Liam Gallagher: Why Me? Why Not. (Universal)

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Liam Gallagher: Why Me? Why Not. (Universal)

If older bickering Oasis brother Noel has sometimes seemed to want to be Paul Weller, bickering Liam initially seemed very happy to carry the torch of his Lennon/Rotten vocals into a continuum of Oasis in his first steps with his band Beady Eye.

If that outfit's unpersuasive but moderately enjoyable output seemed just a little too steeped in his recent past, his solo outing on As You Were two years ago was a much more interesting prospect.

With a cadre of co-writers, he addressed past relationships (he appeared to offer an olive branch to Noel) and the result was a proper album which did right proper chart damage too. (Number one in the UK among other top 20 places.)

That album also broke free of his vocal mannerisms in solid ballads and this time out it is very much not-broke so don't-fix.

Once here is a widescreen string-embellished Lennonesque rock ballad which sounds addressed to Noel or a former wife, or both: “It was easier to have fun back when we had nothing . . . back when we were damaged . . . I remember how you used to shine back then . . . when the dawn came up you were so inspired to do it again, but it turns out you only get to do it once . . .”.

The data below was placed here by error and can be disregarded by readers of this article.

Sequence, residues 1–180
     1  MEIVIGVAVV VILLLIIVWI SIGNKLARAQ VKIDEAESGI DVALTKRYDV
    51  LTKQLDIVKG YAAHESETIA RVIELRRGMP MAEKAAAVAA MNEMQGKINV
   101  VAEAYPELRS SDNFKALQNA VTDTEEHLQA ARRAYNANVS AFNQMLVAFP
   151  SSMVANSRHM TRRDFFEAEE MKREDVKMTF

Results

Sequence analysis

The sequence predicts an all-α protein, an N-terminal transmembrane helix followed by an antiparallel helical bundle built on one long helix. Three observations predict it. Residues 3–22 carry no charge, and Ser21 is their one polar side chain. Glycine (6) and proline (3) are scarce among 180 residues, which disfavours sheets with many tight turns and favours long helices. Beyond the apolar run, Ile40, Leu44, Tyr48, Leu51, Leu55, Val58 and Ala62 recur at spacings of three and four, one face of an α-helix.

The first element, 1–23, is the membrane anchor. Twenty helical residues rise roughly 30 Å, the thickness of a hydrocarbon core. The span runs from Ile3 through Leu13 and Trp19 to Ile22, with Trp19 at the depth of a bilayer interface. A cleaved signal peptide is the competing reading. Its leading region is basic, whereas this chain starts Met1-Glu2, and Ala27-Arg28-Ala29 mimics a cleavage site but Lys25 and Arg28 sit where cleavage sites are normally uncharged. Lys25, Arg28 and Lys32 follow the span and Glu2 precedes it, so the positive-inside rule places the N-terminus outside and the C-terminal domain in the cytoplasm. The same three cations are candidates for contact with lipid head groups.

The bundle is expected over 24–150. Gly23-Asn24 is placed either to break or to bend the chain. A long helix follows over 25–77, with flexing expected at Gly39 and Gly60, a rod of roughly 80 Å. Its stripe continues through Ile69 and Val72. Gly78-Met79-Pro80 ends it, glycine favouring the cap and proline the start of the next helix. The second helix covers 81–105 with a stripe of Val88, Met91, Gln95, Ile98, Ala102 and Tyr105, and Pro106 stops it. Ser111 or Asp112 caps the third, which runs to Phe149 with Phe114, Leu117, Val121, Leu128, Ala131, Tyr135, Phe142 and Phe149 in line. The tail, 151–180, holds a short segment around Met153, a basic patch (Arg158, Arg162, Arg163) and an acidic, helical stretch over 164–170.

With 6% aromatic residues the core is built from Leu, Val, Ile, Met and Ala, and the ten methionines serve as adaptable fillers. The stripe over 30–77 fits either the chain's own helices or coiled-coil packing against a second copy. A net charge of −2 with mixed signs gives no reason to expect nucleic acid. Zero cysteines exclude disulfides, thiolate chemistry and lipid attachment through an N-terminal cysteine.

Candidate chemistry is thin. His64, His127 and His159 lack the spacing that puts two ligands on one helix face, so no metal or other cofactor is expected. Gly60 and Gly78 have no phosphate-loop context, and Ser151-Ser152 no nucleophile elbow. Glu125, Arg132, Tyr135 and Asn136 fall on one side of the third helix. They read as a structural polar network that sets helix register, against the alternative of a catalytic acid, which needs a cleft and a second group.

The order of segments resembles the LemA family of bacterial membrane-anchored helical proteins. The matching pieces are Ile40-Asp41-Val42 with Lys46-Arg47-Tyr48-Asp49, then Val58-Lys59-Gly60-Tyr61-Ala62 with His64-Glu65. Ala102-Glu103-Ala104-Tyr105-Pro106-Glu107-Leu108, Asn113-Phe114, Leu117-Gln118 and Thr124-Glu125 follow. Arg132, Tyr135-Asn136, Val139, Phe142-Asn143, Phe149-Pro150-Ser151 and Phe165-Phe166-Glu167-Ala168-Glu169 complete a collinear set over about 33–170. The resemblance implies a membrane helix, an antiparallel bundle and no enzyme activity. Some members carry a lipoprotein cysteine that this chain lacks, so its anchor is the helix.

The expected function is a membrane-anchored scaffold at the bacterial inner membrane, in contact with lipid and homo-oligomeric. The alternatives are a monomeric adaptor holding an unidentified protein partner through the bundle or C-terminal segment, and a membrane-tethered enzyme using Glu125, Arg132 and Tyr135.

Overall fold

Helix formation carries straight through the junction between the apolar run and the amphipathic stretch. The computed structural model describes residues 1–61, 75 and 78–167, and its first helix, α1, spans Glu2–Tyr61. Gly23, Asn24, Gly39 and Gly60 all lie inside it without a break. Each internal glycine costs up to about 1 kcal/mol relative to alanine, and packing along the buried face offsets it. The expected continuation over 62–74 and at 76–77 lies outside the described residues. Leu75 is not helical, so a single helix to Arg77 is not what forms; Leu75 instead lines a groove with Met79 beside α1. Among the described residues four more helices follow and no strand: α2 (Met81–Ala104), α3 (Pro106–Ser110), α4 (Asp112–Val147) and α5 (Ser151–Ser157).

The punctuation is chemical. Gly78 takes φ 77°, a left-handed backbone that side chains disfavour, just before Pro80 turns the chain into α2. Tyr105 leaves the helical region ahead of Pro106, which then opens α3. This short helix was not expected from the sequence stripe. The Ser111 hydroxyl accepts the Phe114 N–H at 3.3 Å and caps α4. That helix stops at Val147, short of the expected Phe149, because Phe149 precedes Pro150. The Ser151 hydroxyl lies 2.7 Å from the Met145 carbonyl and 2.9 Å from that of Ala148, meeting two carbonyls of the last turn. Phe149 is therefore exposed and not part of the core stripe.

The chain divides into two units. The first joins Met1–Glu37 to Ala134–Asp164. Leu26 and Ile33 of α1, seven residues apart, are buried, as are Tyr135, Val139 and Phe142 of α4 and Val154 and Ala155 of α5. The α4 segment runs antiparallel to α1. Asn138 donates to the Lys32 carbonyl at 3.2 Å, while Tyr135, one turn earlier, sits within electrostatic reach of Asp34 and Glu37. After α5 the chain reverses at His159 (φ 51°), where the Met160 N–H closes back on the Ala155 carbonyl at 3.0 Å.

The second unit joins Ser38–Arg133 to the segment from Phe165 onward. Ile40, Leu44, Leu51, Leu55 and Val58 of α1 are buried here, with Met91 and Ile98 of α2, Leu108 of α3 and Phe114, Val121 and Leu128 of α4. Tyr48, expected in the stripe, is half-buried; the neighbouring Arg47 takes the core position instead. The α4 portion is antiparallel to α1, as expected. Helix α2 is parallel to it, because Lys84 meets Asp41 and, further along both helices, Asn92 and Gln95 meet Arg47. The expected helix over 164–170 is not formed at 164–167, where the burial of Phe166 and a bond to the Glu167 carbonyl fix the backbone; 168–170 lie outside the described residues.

There's also a strong Sixties r'n'b pop-rock approach evident (The Who-cum-Stones on the crunching glam-stomp of Shockwave) as well as unashamedly pure pop (the flowing energy of Now That I've Found You) and a hark back to Oasis (The River).

There is still some of the Manchester swagger (One of Us, the title track), some makeweights (Be Still), a touch of McCartney more than Lennon in places (Alright Now), more Lennon than anyone on the psychedelic-1967 sound of Meadow . . .

As always for every lyric that hooks with meaning or subtext (One of Us is worth decoding) there are others which sound like filler. But here Liam pushes further into a kind of confident vulnerability than he did on As You Were.

With his co-writers (mostly hit-maker Greg Kurstin and Andrew Wyatt) and production by those heavyweights, Liam delivers another better-than-sound album which, while not lacking in ambition, doesn't let that be the guiding principle.

Liam Gallagher gives the impression of making albums for himself and a very large group of punters who remember Oasis with great fondness, if not devotion, but are ready to get behind their man as he pushes himself.

And that is what he is doing.

To some damn memorable songs here.

The version on Spotify includes three extra tracks which you can hear here


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